Judge approves ‘clean elections’ measure for November ballot
Arizona Supreme Court to be asked to intercede
PHOENIX — Arizonans will get a chance to vote in November on whether they want to alter the powers of the Citizens Clean Elections Commission.
In an extensive ruling Monday, July 16, Maricopa County Superior Court Judge Teresa Sanders acknowledged that the measure proposed by the Republican-controlled Legislature is crafted so that voters who want to preclude publicly funded candidates from buying services from political parties also will have to vote for to give the Governor’s Regulatory Review Council veto power over new commission rules.
But Sanders said there’s nothing illegal about putting voters in the position where they have to support both changes just to get the one they want — even if they don’t like the other one.
Sanders said the Arizona Constitution does require that amendments to that document must be presented to voters as separate proposals. But the judge noted that the two changes lawmakers wants voters to approve are statutory, not constitutional.
“If the framers of the Arizona Constitution had intended that statutory amendments submitted by either initiative or referendum be subjected to a separate amendment restriction, they could have done so,’’ she wrote. “They did not.’’
Attorney Danny Adelman, who represents Louis Hoffman and Amy Chan, two former members of the Citizens Clean Elections Commission, said he will ask the Arizona Supreme Court to intercede.
Time is of the essence as counties will begin printing up the bottom half of ballots — the part with measures for voters to approve or reject — by the end of August. That means there needs to be a final ruling before then on whether the issue will go to voters.
The proposal put on the ballot by lawmakers seeks to make two changes in the law which allows but does not require candidates for statewide and legislative office to get public dollars if they avoid special interest donations. Funding comes largely from a surcharge on civil, criminal and traffic fines.
One provision would prohibit those candidates from purchasing services like advertising from political parties or outside groups that have their own independent ability to influence elections.
The commission does allow such spending, though with restrictions on its use and requirements for accounting. But Rep. Doug Coleman, R-Apache Junction, said it’s not proper to funnel public dollars into those organizations.
More sweeping is the other provision which would subject any rules enacted by the commission to review — and potential veto — by the Governor’s Regulatory Review Council. That council is made up of six appointees of Republican Gov. Doug Ducey.
Adelman argued to Sanders that giving political appointees that veto power would undermine the independence of what is supposed to be a bipartisan commission.
In issuing her eight-page ruling, Sanders pointed out that she is not deciding on the merits of the ballot measure.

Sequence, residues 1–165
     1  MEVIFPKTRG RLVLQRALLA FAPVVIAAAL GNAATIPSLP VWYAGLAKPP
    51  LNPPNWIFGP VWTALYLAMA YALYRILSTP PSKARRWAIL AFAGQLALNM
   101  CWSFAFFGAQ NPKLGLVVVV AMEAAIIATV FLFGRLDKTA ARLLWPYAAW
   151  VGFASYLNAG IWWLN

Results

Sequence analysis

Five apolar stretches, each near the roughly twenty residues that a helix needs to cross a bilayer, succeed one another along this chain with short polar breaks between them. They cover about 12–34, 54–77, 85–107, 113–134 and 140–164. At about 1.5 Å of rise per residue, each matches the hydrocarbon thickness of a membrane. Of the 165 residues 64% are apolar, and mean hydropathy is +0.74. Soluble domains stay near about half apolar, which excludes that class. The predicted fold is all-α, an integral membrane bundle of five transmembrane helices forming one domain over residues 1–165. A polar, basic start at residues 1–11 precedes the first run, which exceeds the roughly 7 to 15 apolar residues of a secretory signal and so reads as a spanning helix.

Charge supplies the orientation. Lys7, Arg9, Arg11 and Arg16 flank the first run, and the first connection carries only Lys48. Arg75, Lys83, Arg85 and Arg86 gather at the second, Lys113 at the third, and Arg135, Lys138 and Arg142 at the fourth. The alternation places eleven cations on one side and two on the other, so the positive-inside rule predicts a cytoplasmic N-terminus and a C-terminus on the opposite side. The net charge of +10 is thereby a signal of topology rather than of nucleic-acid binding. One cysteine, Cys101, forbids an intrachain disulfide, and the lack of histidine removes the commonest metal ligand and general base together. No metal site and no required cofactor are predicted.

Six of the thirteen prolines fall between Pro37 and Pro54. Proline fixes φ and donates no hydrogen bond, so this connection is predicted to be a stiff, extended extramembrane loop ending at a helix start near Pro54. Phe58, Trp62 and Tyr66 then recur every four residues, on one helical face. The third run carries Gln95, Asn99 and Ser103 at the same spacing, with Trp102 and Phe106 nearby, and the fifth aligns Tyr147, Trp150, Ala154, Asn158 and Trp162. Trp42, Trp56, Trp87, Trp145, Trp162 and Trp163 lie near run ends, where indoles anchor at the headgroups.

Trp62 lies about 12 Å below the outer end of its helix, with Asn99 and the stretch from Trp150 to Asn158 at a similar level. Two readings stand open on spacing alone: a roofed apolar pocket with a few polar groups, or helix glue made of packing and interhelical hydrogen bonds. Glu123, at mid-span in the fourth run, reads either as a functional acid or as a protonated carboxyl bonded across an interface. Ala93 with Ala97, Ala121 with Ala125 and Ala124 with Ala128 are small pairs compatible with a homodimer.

“That is for the voters to decide,’’ she wrote.
What is within her authority, Sanders said, is whether placing the two issues on the ballot as a take-it-or-leave-it proposal violates the Arizona Constitution.
“The court finds that it does not,’’ Sanders said.
Adelman said that the judge, in looking only at what can be on the ballot, is missing a key point.
He noted the Arizona Constitution has a separate provision, which says that “every act shall embrace but one subject and matters properly connected therewith.’’ That section governs what the Legislature itself can do.
What that means, Adelman argued, is that the Legislature itself acted improperly in voting to put the measure — and its two parts — on the ballot in the first place.
“When they passed this, it was a legislative act,’’ he said.
“Every member of the Legislature had to vote on that,’’ Adelman continued. “The single-subject rule protects them from having to cast an all-or-nothing vote on this.’’
Sanders, however, pointed out that the Arizona Supreme Court has said that the single-subject rule does not apply when voters propose their own laws through the initiative process.
She conceded that there is no actual court ruling on whether that exemption applies to measures referred to voters by the Legislature itself. But the judge said she believes they, too, do not have to comply with the single-subject rule.
A separate case playing out in another Maricopa County courtroom concerns what voters will be told about the measure — assuming it remains on the ballot.
That issue is whether the Legislative Council, a committee of lawmakers dominated by Republicans, has complied with a legal requirement to craft an “impartial’’ description of what the ballot measure would do if approved. That description will appear in pamphlets mailed to the homes of the 3.6 million registered voters.
The lawsuit, filed by the full Citizens Clean Elections Commission, contends the council failed to include relevant information when it approved a description of changes the Republican-controlled Legislature wants voters to approve in how the commission operates. And some of what the council did put in the description, he said, is flat wrong.
Tom Collins, the commission’s executive director, said that means voters, who have to ratify the changes approved by lawmakers, are being given an inaccurate picture of what the measure would do.
No date has been set for that hearing.